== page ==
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  • Writer's pictureAlice J Stewart

Friday Night Football, Sunday Morning Church

Main Idea: Management Types in Metaphor

 

I was in the marching band way back in high school. On Friday nights during football season, there were three main groups gathered together. These groups rarely mixed. Each gathered under different operating principals and identities, with different motivations, and experienced the evening in different ways.

  1. Football players

  2. Marching band

  3. Spectators

The football players were male, athletic, and operated under a coach. There might be a football captain, too. Performance and competition - usually physical, but partly psychological - were important, especially for leadership. For football players and their leaders, the primary motivation was to win the game. Winning required teamwork, practice, and following instructions.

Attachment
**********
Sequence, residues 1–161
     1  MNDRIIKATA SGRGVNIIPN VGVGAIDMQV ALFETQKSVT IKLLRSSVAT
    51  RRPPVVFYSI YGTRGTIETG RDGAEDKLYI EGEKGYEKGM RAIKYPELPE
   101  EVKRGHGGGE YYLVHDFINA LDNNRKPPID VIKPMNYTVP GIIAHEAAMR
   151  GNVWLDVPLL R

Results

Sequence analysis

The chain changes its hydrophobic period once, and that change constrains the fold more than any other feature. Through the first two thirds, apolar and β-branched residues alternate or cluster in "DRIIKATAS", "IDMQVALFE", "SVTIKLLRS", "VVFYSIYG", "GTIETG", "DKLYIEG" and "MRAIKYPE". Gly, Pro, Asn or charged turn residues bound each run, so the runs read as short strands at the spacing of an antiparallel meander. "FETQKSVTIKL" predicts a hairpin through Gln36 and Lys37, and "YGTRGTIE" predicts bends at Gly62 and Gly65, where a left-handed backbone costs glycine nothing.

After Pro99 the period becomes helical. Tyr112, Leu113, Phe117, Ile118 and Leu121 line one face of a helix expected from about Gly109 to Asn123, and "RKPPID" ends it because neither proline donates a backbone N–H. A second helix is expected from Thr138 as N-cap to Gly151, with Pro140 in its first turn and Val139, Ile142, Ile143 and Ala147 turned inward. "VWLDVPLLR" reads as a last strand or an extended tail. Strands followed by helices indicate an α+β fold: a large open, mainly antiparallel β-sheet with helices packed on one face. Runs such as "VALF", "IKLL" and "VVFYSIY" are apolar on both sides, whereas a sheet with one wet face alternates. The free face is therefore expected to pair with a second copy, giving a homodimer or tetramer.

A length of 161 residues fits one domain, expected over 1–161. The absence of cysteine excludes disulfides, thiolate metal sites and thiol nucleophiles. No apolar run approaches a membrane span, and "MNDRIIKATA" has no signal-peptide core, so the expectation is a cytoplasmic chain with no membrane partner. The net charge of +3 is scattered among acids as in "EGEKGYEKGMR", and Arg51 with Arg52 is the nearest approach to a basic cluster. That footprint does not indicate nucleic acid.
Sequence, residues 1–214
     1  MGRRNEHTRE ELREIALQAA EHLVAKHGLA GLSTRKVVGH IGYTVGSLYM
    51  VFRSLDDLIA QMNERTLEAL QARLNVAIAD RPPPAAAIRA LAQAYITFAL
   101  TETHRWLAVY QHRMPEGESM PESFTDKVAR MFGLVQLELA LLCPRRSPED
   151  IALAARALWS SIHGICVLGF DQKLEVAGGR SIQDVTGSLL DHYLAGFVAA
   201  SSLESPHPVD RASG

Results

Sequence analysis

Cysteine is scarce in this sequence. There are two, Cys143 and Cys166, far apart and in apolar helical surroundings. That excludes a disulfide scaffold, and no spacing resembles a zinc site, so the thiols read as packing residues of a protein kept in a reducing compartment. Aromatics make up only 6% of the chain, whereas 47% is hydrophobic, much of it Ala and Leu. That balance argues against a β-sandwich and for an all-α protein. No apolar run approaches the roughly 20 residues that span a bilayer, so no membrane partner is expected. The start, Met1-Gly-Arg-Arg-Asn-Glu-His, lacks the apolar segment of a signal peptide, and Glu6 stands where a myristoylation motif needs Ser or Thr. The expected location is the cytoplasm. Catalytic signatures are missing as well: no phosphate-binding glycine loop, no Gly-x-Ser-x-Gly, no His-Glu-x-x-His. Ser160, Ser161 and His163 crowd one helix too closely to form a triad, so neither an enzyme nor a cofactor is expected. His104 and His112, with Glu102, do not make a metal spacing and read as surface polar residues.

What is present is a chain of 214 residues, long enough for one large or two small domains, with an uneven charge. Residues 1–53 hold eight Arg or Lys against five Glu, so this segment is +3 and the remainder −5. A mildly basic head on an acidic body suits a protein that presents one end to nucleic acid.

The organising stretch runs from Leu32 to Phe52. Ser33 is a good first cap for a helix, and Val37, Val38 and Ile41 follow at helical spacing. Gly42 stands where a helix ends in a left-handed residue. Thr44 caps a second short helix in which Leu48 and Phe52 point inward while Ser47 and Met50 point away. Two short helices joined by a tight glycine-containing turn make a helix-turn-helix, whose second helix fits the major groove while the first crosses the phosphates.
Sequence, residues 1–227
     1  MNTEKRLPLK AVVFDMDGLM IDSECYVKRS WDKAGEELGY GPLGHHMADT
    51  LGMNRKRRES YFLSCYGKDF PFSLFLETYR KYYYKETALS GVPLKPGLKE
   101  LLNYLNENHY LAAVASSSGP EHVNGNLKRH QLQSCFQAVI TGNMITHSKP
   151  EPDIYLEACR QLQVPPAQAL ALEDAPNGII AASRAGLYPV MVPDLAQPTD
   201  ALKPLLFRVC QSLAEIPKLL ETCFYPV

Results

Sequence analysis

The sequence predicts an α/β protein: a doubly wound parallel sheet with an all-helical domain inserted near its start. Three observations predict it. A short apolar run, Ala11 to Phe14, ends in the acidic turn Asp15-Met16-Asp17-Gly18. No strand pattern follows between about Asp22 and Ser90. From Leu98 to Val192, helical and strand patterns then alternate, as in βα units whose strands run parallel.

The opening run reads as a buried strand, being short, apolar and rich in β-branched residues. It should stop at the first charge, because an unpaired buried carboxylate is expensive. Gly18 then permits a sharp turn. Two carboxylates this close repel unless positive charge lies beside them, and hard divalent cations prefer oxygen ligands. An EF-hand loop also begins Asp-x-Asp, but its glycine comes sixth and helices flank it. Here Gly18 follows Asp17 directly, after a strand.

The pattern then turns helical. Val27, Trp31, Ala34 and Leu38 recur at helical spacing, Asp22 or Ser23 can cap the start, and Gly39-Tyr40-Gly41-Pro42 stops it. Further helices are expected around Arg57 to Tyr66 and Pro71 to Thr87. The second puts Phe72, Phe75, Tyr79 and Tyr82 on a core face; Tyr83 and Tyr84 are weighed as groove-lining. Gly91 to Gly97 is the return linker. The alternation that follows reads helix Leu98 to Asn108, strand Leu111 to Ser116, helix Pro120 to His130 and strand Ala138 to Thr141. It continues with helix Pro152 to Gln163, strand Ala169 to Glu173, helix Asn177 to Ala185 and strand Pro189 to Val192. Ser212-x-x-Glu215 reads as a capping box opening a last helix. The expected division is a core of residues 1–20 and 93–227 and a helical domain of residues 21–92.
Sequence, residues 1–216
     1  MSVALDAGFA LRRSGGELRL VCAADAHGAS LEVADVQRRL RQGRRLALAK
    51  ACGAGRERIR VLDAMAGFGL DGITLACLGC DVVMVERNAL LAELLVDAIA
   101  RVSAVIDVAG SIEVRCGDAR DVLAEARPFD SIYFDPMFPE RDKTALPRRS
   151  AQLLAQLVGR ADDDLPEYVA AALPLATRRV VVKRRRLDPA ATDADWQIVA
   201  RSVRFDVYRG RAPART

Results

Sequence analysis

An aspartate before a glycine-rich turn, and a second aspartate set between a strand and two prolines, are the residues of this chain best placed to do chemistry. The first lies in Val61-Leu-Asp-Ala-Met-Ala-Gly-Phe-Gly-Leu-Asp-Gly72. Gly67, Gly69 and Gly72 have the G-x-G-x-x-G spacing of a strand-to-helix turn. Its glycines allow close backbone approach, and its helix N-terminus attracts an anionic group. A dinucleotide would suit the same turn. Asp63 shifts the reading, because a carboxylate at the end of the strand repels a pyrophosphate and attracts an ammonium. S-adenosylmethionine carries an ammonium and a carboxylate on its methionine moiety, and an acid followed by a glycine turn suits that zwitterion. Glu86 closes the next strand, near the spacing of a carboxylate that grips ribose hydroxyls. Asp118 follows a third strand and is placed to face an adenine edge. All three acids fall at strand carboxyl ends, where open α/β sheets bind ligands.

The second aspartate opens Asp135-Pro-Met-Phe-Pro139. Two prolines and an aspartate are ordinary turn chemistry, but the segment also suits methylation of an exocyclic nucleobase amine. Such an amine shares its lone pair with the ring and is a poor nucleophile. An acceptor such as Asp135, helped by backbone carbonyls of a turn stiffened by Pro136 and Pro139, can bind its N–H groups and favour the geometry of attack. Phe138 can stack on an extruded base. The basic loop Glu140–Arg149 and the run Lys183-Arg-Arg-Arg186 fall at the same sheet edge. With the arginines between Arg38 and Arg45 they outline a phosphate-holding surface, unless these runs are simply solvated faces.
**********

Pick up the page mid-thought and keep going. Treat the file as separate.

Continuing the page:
By and large, the football team was more hierarchical than either the band or the spectators. It was clear who the coach was. A team member would never be the coach, but they might be the captain. Captains didn't change all the time, and there was usually just one at a time. There were rules and politics, and violating these could be very painful. Exceptionally few high schoolers could be part of the team. Everyone else just had to watch. Within the team, the greatest joy was to play well and to win. 


The marching band, on the other hand, took most students who had a moderate aptitude and a willingness to practice. There were usually spare instruments available. There was a band director, and sometimes more than one. A few seniors could lead the band during marching, and each instrument group had a student leader. Leadership as a student was highly flexible and changed often. Being "first chair" was a playful competition. Being overly competitive for this status was seen as "uncool."